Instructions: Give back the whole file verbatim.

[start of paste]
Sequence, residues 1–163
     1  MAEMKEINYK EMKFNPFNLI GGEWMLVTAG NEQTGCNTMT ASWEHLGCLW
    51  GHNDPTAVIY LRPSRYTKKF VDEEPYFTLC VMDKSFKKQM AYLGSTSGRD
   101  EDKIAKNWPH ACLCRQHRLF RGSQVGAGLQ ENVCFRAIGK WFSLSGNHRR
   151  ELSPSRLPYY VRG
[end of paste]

Sequence, residues 1–163
     1  MAEMKEINYK EMKFNPFNLI GGEWMLVTAG NEQTGCNTMT ASWEHLGCLW
    51  GHNDPTAVIY LRPSRYTKKF VDEEPYFTLC VMDKSFKKQM AYLGSTSGRD
   101  EDKIAKNWPH ACLCRQHRLF RGSQVGAGLQ ENVCFRAIGK WFSLSGNHRR
   151  ELSPSRLPYY VRG